A battleground fit for a bigot
It is fitting, perhaps, that billionaire Donald Trump could seal his nomination as the Republican presidential candidate in the state of Indiana, a conservative state that last year legalised the right of business to discriminate against lesbian, gay, bisexual and transgender (LGBT) people. Indiana is the battleground this week as voters get a chance on Tuesday to start sealing their choices for the final Republican and Democratic presidential candidates.
Everyone is in town this weekend, breathing life and colour into a quiet, nondescript state.
Republican rivals Donald Trump and Ted Cruz, and former president and husband of Democratic candidate Hillary Clinton, Bill Clinton, are speaking at events throughout Indiana in a bid to win over undecided voters.
The gatherings are much like party manifesto launch rallies in South Africa.
Each candidate tries to score a psychological victory but offers little substance as he or she engages in a lot of razzmatazz.
But no venue could be more suited to a political contest than Indiana.
Last year, the state passed the controversial Religious Freedom Restoration Act that allows businesses to refuse to serve LGBT individuals and to cite their faith as a justification for their actions. The law has been condemned and efforts have been made to soften it, but it remains in place in this deeply Republican state.
John Zody, the chairperson of the Indiana state Democratic Party, which unsuccessfully opposed the bill, said it had cost the state as much as $250 million (R3.5 billion) in investment, as companies now refuse to do business there. Indiana could lose out, too, on hosting major sports events as the backlash throughout the US takes root.
Meanwhile, the names of the two contestants for the US presidency could be clear by Wednesday morning.
The strong favourites are Donald Trump on the side of the Republicans, and Hillary Clinton for the Democratic Party. They are likely to consolidate their positions in what has turned out to be an exciting race that galvanised interest among people who have never voted.
The biggest talking points have been just how unexpectedly well Trump has performed, as did Clinton’s rival, the 74-year-old Bernie Sanders.
Sanders, a socialist not supported by the Democratic Party hierarchy, has surprisingly attracted major support from young voters and first-time voters. He could hurt the party by not endorsing Clinton if he does not win the nomination.
Motormouth Trump was also not considered to be a serious player when he first raised his hand to enter the race.
But the reality television celebrity’s shock tactics of speaking his mind without a care for who he offends have won him massive support.
He is well ahead of Ted Cruz and John Kasich, who have entered into a pact not to oppose each other in order to defeat Trump.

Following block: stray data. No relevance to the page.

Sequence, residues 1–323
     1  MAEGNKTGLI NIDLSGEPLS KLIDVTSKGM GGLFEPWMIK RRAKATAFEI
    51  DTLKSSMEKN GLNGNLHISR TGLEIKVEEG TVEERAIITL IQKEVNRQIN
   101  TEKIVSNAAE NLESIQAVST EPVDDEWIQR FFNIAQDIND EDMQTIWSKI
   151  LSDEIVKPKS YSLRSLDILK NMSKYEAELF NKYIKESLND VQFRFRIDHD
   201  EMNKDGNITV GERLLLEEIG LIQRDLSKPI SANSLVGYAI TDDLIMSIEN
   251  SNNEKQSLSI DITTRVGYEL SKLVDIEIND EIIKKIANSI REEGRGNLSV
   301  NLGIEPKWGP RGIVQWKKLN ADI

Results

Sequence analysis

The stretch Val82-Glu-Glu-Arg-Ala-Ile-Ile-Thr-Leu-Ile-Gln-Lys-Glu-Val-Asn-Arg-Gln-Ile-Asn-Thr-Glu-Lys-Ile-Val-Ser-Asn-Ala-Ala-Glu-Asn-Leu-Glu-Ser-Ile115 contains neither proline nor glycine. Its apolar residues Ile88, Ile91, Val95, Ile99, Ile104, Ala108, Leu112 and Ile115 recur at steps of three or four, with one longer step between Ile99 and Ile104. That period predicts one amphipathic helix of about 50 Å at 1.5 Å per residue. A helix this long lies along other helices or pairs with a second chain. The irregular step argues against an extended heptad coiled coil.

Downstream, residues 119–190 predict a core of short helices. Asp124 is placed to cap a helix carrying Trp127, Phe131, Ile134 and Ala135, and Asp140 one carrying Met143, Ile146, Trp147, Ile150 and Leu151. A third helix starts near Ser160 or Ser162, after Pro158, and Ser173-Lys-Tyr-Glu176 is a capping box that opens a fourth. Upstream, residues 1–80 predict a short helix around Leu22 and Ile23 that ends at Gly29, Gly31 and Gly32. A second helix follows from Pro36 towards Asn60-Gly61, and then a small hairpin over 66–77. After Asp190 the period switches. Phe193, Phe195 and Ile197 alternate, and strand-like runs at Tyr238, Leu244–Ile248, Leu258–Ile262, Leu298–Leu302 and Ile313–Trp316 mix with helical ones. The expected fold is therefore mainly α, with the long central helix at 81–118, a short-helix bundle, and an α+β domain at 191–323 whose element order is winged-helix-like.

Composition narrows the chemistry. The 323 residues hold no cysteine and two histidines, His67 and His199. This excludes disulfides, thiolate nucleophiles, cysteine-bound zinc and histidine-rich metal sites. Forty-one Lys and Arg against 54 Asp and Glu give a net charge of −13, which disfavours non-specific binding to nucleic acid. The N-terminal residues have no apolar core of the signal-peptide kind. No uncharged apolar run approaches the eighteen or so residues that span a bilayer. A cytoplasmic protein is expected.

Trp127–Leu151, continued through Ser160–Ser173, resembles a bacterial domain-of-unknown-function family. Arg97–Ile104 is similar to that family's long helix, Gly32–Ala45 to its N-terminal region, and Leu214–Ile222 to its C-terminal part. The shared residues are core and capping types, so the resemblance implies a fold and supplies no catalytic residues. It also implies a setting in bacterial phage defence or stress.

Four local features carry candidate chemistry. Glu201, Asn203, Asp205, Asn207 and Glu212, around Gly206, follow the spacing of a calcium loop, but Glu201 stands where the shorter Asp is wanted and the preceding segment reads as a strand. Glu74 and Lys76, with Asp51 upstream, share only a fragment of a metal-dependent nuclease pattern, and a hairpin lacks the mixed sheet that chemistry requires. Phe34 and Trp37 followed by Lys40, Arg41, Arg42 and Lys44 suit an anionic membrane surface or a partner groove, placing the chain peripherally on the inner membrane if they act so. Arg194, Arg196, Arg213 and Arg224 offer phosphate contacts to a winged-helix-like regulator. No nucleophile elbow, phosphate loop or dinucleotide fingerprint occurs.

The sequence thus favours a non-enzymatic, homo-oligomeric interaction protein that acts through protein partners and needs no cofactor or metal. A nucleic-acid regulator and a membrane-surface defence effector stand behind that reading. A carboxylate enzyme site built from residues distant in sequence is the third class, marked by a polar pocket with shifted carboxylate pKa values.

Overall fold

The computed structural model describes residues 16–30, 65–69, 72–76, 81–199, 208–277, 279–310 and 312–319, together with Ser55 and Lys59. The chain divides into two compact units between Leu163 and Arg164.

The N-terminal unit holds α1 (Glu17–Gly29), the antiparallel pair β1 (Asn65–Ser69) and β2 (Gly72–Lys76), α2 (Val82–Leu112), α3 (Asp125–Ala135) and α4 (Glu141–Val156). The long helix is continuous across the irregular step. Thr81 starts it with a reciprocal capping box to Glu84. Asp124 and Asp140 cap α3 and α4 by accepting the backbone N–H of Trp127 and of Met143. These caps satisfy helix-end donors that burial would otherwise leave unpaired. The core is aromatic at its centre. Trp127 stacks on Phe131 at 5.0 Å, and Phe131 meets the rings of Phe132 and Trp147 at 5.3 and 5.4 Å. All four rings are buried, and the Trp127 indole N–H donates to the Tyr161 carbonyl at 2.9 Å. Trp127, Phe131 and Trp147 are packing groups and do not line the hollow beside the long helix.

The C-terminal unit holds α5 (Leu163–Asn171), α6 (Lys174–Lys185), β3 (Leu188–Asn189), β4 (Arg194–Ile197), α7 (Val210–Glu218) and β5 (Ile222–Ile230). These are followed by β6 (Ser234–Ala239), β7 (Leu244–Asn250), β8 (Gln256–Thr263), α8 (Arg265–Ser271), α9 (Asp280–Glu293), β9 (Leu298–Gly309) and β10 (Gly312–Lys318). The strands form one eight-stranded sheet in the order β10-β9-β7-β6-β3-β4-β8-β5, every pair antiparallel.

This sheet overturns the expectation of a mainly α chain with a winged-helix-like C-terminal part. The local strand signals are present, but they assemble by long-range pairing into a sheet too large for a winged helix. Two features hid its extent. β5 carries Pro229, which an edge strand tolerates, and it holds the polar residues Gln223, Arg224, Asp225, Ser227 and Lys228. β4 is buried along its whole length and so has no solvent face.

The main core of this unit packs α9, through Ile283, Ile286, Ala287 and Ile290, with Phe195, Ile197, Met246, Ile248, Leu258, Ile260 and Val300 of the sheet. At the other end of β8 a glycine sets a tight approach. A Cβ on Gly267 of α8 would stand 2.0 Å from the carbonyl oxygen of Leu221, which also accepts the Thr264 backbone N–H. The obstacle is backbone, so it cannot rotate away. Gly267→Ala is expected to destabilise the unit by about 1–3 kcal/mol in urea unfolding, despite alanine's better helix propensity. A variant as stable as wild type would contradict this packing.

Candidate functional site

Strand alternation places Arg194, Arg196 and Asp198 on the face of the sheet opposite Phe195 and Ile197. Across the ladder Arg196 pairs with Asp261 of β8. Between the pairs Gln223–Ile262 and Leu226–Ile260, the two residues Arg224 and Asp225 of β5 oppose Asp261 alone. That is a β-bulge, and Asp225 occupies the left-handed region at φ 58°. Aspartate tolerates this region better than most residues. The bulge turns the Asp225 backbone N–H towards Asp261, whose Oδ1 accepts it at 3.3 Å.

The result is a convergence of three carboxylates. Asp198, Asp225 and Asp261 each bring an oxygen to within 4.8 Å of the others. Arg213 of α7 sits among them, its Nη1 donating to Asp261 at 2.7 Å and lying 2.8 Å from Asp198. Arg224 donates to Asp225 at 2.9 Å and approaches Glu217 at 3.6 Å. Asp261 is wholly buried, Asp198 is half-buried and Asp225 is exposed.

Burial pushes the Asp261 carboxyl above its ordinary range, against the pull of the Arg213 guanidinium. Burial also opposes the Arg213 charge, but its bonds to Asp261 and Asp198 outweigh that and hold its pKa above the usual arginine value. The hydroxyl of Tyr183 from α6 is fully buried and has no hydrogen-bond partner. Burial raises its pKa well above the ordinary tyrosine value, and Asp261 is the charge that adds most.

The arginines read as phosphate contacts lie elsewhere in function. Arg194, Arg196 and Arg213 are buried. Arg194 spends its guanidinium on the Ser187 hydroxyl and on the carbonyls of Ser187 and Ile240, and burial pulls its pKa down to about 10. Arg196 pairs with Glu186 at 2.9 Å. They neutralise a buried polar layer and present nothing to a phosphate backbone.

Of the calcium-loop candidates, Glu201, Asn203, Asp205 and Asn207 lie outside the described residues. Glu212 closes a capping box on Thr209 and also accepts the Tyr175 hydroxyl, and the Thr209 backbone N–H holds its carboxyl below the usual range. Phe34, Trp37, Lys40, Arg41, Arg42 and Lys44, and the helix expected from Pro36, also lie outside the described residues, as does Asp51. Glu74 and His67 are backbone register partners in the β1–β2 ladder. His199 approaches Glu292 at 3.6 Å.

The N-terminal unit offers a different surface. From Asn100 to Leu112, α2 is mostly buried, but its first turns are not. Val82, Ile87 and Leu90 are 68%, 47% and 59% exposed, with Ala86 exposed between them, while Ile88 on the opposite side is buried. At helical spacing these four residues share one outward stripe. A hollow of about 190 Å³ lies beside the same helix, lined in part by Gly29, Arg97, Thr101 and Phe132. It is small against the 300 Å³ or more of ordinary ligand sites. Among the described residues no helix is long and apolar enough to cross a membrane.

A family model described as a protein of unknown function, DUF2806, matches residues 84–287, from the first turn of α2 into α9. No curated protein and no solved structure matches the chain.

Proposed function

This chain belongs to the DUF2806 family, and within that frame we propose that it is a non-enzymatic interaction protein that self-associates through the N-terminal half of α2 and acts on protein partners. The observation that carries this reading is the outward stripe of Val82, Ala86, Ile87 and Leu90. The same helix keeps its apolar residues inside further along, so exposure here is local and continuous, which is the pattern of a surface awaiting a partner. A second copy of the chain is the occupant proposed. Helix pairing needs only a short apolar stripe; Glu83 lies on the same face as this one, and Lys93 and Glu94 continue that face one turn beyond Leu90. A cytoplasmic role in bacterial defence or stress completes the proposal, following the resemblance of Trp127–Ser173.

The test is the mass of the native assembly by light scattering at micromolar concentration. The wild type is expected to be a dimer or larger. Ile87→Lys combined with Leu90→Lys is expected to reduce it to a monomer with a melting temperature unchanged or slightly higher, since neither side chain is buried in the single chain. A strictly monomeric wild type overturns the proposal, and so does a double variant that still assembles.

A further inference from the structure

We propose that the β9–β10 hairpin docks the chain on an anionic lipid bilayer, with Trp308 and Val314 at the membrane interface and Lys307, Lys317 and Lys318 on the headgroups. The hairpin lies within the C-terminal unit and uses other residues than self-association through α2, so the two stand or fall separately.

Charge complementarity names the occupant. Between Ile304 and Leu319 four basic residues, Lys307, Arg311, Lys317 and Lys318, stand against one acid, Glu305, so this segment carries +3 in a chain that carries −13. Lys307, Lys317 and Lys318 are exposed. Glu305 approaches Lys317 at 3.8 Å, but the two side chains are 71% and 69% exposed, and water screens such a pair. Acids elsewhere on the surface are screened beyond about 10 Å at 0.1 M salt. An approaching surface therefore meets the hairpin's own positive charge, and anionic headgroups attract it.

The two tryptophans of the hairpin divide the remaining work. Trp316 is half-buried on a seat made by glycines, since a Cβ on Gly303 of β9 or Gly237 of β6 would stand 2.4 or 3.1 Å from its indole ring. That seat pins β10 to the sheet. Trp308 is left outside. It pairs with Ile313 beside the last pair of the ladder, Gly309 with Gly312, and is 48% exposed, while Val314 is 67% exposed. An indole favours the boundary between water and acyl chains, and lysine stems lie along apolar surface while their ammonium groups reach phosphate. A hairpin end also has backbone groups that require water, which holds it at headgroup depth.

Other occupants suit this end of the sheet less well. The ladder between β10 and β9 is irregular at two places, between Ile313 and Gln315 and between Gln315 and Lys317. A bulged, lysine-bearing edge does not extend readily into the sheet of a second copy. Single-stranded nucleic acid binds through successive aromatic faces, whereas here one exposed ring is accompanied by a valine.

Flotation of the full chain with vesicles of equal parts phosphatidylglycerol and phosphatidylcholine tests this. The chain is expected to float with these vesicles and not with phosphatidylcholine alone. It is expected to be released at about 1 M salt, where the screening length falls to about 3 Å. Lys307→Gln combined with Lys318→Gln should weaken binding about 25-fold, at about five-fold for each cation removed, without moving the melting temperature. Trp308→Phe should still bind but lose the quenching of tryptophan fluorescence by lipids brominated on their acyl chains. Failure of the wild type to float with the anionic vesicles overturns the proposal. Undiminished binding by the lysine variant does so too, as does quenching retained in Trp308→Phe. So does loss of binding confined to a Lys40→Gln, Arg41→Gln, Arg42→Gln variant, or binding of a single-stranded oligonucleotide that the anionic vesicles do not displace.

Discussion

The popularity of Trump has created a dilemma for the party hierarchy – many more voters are participating in the elections because they are drawn to him, but the Grand Old Party is worried that it could lose not only the presidency, but the House of Representatives (congress) which they control, because of him.
Republican polls show that Trump has alienated female voters with his reckless comments. This week, he accused Clinton of relying only on the “women card” to win the elections.
“Frankly, if Hillary Clinton were a man, I don’t think she’d get 5% of the vote,” he said.
“I think the only thing she’s got going for her is the fact that she’s a woman. She is playing that hard, like I have never seen anyone play it before. And the beautiful thing is that women don’t like her.”
Trump’s campaigners defend him by saying his uncomfortable truths are what have earned him credibility among people fed up with dishonest, mainstream politicians. They say that if he tones it down to act more “presidential”, he might lose his selling point and attraction.
But several polls show that while that might be attractive for Republican voters, it could cost the party support in the general elections.
Trump is already unpopular among AfricanAmericans and Latin Americans (Hispanics), after he accused Mexicans of being rapists and threatened to build a large wall to stop them from entering the US.
Research, conducted by the Pew Research Centre, showed that Hispanics were growing as a voting bloc, increasing from constituting 7% of the electorate in 2000 to 12% of voters this year.
The Republicans have always relied heavily on white voters, but the proportion of white supporters in the US has declined from 78% of the electorate in the 1970s to 64%.
However, Republican voters are more likely than the younger generation of voters who support the Democrats to turn up and vote.
Republican spokesperson Sean Spicer said that once the party had concluded its internal process of choosing a nominee, they would all rally around the candidate and make sure they presented the conservative agenda in a positive way.
Both parties have brought forward their conventions by a month to give their candidates more time to promote their respective bids.
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REPUBLICAN Donald Trump at a campaign event in Evansville, Indiana, this week
DEMOCRAT this week Hillary Clinton at a primary election rally in Philadelphia, Indiana,